Having your BFFs run for president should be fun, right? Or at least moderately useful? That was what Senator Mike Lee was more or less hoping as he headed into this election cycle with not one but three of his closest Senate colleagues—Marco Rubio, Ted Cruz, and (until Iowa) Rand Paul—chasing the Republican nomination.
Oh, sure, Lee would have to manage the ticklish business of staying neutral. (He always demurs when asked to handicap the race.) With all the focus on his three amigos’ campaigns, it would be tougher to get attention for his own projects (such as the book he released last year). And things were bound to get a bit lonely at times, with Ted, Marco, and Rand all out gallivanting around Iowa and New Hampshire and South Carolina. Still, Lee is among the Senate’s most serious purveyors of conservative policy—the Utah Tea-Partyer is also a favorite of his party’s intelligentsia—and much of his vision is shared by his legislative besties. So when Lee and I sat down together last spring (the week after Paul joined the POTUS pack), he was cautiously optimistic that having his like-minded brethren out on the hustings would work out to his benefit. While Lee hunkered down on the Hill, churning out policy, his more glamorous friends could bring the gospel to the masses.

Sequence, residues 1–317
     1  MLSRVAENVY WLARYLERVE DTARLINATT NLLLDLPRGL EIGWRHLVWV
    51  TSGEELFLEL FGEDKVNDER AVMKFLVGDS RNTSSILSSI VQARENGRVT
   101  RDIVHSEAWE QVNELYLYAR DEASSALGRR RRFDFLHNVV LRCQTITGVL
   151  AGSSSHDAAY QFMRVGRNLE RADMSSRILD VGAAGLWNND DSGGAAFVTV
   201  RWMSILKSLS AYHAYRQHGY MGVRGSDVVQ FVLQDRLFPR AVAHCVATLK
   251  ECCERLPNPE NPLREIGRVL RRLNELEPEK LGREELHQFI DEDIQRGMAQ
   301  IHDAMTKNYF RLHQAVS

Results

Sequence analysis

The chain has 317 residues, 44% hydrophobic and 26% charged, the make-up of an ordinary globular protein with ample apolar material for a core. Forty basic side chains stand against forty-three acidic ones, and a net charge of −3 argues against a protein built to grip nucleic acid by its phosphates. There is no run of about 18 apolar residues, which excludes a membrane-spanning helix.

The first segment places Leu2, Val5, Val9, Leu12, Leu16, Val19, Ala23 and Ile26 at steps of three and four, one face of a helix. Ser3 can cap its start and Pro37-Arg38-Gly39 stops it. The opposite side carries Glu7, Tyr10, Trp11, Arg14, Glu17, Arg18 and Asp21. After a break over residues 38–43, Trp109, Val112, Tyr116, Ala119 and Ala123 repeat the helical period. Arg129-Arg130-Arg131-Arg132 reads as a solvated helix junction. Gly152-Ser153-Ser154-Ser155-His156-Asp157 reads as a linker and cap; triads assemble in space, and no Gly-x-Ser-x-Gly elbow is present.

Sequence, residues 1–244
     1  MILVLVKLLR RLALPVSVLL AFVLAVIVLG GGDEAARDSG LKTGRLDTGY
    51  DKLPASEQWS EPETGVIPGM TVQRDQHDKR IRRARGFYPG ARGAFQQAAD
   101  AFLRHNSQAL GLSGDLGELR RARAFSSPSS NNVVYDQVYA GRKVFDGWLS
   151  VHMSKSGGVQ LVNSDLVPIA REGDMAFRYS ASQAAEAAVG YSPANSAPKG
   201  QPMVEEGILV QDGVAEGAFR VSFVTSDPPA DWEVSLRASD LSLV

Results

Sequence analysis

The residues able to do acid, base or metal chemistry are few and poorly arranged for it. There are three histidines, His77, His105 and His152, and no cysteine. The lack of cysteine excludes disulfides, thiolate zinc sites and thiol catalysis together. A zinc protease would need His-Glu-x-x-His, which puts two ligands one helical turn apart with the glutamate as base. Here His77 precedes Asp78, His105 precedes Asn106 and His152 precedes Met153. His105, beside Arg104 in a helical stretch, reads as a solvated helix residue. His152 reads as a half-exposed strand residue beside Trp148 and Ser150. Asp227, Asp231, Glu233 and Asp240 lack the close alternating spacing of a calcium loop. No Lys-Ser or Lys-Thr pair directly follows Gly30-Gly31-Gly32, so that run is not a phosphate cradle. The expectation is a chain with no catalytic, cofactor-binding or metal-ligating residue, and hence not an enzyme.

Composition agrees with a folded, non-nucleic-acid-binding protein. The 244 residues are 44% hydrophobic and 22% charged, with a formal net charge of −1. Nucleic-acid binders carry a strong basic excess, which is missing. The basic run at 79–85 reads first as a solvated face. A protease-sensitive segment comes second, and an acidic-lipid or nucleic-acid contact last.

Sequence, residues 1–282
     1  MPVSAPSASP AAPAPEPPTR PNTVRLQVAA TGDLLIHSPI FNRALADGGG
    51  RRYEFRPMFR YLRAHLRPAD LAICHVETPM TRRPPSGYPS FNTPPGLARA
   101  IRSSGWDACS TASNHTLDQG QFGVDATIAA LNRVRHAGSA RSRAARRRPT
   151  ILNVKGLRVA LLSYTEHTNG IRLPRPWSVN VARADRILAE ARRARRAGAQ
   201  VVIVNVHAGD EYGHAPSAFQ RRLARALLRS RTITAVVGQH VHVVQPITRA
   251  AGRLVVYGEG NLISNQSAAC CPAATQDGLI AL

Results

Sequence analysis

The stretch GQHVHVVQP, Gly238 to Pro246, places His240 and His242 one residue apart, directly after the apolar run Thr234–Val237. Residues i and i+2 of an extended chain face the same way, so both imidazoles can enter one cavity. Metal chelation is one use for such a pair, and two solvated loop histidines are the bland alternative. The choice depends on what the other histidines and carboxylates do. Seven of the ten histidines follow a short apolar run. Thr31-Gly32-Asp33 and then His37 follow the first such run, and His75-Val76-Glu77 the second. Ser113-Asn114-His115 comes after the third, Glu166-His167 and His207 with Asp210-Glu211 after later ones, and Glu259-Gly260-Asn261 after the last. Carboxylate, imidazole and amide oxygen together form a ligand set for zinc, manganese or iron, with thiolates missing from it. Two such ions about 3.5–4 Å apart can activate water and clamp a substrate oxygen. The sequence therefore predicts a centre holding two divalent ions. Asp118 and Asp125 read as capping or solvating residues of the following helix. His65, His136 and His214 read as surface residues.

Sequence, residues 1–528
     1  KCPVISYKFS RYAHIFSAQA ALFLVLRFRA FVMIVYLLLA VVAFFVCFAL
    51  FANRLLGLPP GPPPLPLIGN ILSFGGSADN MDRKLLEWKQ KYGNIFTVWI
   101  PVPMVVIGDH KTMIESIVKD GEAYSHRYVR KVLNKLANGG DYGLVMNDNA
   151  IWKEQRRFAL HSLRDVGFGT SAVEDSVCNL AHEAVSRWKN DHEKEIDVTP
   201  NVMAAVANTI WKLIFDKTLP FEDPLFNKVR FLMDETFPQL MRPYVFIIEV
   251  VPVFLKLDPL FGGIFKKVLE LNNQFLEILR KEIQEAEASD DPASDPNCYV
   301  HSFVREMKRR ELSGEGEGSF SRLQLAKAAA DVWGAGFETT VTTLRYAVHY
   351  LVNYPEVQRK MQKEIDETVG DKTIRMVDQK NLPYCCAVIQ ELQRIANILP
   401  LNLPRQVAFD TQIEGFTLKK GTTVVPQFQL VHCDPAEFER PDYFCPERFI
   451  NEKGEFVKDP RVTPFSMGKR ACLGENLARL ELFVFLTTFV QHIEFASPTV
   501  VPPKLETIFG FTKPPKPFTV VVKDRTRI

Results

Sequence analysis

Instead, the race hasn’t turned out to be much fun at all. For starters, senators running for president have bigger and better things to do than to hang out on the Hill with their colleagues. This has rendered Lee a bit like the middle-school kid left with no one to eat lunch with. Of late, he has taken to hanging out with the House Freedom Caucus folks, cooking up ways to fuel the conservative revolution. This suits the senator just fine, says Yuval Levin, the editor of National Affairs and Lee’s outside policy consigliere. “Lee has been interested in turning the kind of things that the members who came in on the Tea Party wave talk about into concrete proposals.” Still, it’s not the same as having his usual posse around.